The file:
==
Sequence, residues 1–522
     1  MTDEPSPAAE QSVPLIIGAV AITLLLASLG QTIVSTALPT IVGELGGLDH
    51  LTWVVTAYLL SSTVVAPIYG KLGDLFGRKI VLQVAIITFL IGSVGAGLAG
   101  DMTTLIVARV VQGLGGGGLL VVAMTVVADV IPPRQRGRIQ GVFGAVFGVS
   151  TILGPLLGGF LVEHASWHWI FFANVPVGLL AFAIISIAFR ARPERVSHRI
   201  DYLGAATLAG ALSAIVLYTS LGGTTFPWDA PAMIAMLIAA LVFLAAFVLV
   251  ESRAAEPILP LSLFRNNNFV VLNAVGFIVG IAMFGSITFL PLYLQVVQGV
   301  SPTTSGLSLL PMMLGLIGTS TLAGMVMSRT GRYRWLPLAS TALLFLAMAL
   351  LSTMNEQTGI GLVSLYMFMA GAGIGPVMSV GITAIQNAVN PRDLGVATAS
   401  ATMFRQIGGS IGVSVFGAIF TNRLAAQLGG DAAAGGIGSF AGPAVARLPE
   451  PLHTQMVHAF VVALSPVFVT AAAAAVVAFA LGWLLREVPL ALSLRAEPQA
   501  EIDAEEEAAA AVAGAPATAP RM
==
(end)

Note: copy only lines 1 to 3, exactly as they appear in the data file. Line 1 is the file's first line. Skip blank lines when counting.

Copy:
Sequence, residues 1–522
     1  MTDEPSPAAE QSVPLIIGAV AITLLLASLG QTIVSTALPT IVGELGGLDH
    51  LTWVVTAYLL SSTVVAPIYG KLGDLFGRKI VLQVAIITFL IGSVGAGLAG